College students are stressed, yoga can help



Courtney Murtagh, Assistant Campus News Editor

As a full-time student, I am not immune to the intellectual and emotional pains brought on by midnight deadlines, early morning cramming or the seemingly never-ending amount of assignments. I have, however, learned to control and relieve my stress through practicing yoga — and you can too!

Over four years, I have logged approximately 400 hours of yoga. I have found that regularly practicing yoga not only increases flexibility and muscle tone, but improves focus, ability to relax and quality of sleep. Some researchers go further claiming that yoga can boost one’s immune system and make yogis happier and healthier. So, why not give it a try?

Yoga at UMass

Lucky for students at the University of Massachusett Amherst, the Campus Recreation Center offers ten types of yoga which are tailored to individual needs. For newcomers to yoga, this can seem a bit overwhelming, so, I’ve highlighted four of my favorite yoga classes offered here at UMass.

Read on to find out which yoga class is a good fit for you. Then, check out the Campus Recreation page for a schedule of classes, which are offered every day from 7 a.m. to 7:45 p.m. Log on to IMLeagues to sign up for a class.

(Cedric Lim/Pexels)

Hatha yoga

“Hatha” means physical yoga practice in Sanskrit, and it’s one of the most popular types of yoga around the world. Hatha yoga is good for beginners because classes move at a slower pace and are easy to follow. This type of class will typically include some meditation, breathing exercises and beginner-friendly postures. The purpose of the practice is to improve your life off of the mat through poses that relieve stress and clear your mind.

Be sure to not get discouraged by the slow pace — this is a great introduction to the holistic health benefits of yoga!

Take this class if you need to unwind or if you’re completely new to yoga. It won’t be too physically challenging, and it is a great way to familiarize yourself with the poses you will need for advanced or physically challenging yoga practices.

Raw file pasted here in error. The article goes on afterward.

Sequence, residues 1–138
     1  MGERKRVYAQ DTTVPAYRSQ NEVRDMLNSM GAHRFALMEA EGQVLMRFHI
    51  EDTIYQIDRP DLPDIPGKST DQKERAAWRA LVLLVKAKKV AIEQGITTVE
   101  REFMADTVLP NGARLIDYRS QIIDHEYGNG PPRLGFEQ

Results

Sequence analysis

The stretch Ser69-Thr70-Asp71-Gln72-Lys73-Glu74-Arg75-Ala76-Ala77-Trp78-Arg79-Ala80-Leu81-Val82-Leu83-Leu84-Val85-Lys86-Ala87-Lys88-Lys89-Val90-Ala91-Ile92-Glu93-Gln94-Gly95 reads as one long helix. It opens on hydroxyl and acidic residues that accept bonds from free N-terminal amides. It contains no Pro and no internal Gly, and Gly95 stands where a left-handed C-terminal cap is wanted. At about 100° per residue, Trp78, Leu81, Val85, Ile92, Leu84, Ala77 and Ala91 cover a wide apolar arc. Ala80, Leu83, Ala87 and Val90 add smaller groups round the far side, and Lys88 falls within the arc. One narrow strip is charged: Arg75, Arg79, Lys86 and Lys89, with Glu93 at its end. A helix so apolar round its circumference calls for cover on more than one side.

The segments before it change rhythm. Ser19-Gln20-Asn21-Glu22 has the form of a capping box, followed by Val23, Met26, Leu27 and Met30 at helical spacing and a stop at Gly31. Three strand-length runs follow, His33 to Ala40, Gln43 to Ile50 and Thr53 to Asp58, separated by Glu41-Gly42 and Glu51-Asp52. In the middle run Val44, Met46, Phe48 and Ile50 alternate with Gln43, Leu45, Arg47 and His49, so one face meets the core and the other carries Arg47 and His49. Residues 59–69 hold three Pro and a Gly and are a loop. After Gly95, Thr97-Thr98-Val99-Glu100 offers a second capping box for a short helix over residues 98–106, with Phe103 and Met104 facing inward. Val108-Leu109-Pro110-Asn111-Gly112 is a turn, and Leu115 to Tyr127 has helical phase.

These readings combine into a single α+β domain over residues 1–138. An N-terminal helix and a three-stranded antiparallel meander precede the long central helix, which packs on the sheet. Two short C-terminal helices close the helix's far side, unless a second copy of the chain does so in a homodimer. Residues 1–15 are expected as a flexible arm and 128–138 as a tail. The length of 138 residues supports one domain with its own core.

(Bruce Mars/Pexels)

Vinyasa yoga

Vinyasa Yoga emphasizes connecting movement to breath so your body flows in smooth motions. It is a bit faster than Hatha yoga and requires more endurance. This class is good for beginners who are familiar with basic poses such as downward-facing dog, Chaturanga, upward-facing dog, warrior one and warrior two. It is a bit more of a workout and will test your muscles’ strength.

No two Vinyasa classes are exactly alike (although many incorporate similar movements), so this class will appeal to those who get bored by routine.

Check out the “Power Vinyasa Yoga” class if you really want to build muscles. You’ll try poses that require more balance, strength, focus and flexibility. I wouldn’t recommend this as a first class.

(Courtney Murtagh/Amherst Wire)
(Courtney Murtagh/Amherst Wire)


Broga is the yoga for bros! It’s similar to Vinyasa, but there is a 10-minute section of high-intensity interval training (HIIT) about halfway through the practice. The HIIT can include jump squats, burpees, jumping jacks and pushups.

Some teachers offer more static stretching and exercises you may have done on a high school sports team, for example. Try this class if you’re someone who needs to jump around and sweat to feel good, or, if you consider yourself a bro who wants to try yoga.

Yin yoga

Yin yoga is ideal for those days when nothing seems to be going your way. New to UMass this year, this practice involves holding therapeutic and relaxing poses for three to five minutes. The teacher turns off the lights, creating the ultimate oasis away from homework, tests and papers. Instead of targeting muscles, this yoga aims to deepen connective tissues, ligaments, joints and bones. This class encourages patience and relaxation. I wouldn’t suggest it if you’re in an antsy mood, but it’s definitely a good exercise for testing your relaxation skills.

Email Courtney at [email protected]or follow her on Twitter @CourtneyMurtag3.

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